Category Archives: Oripò

Friday 16 June

Thank God, I slept a good deal, from having been so tired, but woke in great pain. Difficult task to wash and dress. No perceptible power as yet of moving my arm, though I suffer less pain. Good breakfast. Janni not ready till 5.30, when we left. Walked, for I could not mount my horse on account of my arm. Shady side of hill about Marathon. Edge of marsh where Persians was drownded. Fine black, but savage, dogs. Superb scattered trees. {sketch 36} Struck inland — a monotonous, hilly plain; oaks here and there. Sun hot; arm very bad; tired and ill.

Edward Lear, Marathon, 16 June 1848
VIS4489, reproduced by kind permission of Museums Sheffield

9 a.m. came in sight of Fort of Ramnus. Drew, while C. M. C. bathed. Tremendous heat. Then, at last, with great pain, mounted and rode up to the foundations of Temple. On by ravines, with wood and grey rocks. By 1 p.m. at Varnava, a pretty village, with noble views. Dinner in tent — excellent. Directly afterwards drew — great heat. Arm a thought better. At 3 p.m. start again. Beautiful ravines — climb hills — Oleanders, blooming Acanthus (narrow leaved). Turn towards Euboea — exquisite views!

Down, down, down to Kalamos. After a long, long road, arrived at the Scala di Oripò. Khan. Mice! fleas! Tea — eggs with a fish-like flavour. Much laughter and impromptu verses:

The Hens of Oripò

The aged hens of Oripò
They tempt the stormy sea;
Black, white and brown, they spread their wings,
And o’er the waters flee.
And when a little fish they clutch
Athwart the wave so blue,
They utter forth a joyful note —
“A cock a doodle doo!” (oo).
O! Oo! Oripò-oo!
The hens of Oripò!

The crafty hens of Oripò
They wander on the shore,
Where shrimps and winkles pick they up
And carry home a store.
For barley, oats and golden corn
To eat they never wish;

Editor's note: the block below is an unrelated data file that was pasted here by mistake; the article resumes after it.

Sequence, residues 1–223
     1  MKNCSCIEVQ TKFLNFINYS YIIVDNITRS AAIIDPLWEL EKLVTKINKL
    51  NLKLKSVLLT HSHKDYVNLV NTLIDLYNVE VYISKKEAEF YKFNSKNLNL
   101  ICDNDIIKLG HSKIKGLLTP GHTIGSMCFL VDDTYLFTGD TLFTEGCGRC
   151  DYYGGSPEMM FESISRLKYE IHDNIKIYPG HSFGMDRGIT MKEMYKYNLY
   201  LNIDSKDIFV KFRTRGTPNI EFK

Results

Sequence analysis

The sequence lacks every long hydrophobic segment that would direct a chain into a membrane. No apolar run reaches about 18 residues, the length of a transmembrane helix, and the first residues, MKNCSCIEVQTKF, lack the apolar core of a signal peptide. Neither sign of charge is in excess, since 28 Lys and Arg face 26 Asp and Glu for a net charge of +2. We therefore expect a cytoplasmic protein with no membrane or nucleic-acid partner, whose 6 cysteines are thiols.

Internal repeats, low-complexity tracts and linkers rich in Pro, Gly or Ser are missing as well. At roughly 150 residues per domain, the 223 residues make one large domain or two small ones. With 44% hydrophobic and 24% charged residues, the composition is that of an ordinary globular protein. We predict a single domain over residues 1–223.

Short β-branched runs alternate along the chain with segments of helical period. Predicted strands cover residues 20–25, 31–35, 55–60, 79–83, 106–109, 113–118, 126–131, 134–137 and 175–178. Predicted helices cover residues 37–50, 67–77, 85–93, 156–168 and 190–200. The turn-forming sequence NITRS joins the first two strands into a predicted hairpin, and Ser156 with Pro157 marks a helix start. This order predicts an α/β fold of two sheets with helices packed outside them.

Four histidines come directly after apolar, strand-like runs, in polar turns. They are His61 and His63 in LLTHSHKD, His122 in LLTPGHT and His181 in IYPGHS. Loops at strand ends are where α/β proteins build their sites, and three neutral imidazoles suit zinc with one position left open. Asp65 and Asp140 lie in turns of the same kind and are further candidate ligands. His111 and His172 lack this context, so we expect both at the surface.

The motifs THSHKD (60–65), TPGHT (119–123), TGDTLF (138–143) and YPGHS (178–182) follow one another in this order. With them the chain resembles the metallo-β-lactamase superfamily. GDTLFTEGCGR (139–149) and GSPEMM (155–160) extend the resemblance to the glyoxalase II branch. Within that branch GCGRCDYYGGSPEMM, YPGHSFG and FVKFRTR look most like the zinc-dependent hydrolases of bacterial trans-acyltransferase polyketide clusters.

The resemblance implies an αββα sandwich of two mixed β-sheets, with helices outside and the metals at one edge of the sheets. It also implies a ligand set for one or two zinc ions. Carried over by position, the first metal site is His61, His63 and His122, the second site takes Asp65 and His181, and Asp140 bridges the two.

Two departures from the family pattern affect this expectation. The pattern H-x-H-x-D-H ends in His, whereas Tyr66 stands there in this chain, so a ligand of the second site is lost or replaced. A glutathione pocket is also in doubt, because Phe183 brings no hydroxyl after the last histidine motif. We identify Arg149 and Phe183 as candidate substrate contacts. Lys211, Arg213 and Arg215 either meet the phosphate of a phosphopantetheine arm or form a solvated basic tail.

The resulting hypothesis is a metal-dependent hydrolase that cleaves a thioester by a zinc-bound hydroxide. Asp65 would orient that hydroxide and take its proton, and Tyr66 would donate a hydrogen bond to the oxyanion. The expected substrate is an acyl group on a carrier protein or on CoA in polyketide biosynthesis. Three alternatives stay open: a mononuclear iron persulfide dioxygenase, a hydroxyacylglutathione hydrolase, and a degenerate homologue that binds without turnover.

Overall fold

All vegetable food they scorn,
And only seek for fish.
O! Oo! Oripò-oo!
The hens of Oripò!

The wily hens of Oripò,
Black, white and brown and grey,
They don’t behave like other hens,
In any decent way.
They lay their eggs among the rocks,
Instead of in the straw.
. . . . . . . . . . . . . . . . . .
. . . . . . . . . . . . . . . . .

The nasty hens of Oripò,
With ill-conditioned zeal
All fish defunct they gobble up
At morn or evening meal,
Whereby their eggs, as now we find,
. . . . . . . . . . . . . . . . .
A fishlike, ancient smell and taste
Unpleasant doth pervade.
O! Oo! Oripò-oo!
The hens of Oripò!

16 June: Three chief sketches of this day’s work mark our route, and the points which caught his eye and made the chief impression on him.

(a) Rhamnus on the ascent of the ridge above Marathon, at the head of narrow gorge falling down to the seashore, and to ruins of the old fort there. In the foreground are the white blocks of marble of the Temple of Nemesis, among “cushions of green lentisk,” on each side of the gorge. The sea and shore and mountains of Euboea are opposite in the middle and furthest distance.

(b) Next, the view from Varnava, on the crest of the pine-clad ridge, looking over the upland of Attica on one side, where Parnes and Pentelicus join their roots on the site of Deceleia and the present gardens and woods of Tatoi,[20] and on the other hand fall down upon the woodland slope and plains of the Attic shore to the distances of Euboea, on the other side of the Euripus, Mt Dirphe, with its lofty, conical head, tipped with snow, always prominent in the landscapes from this shore.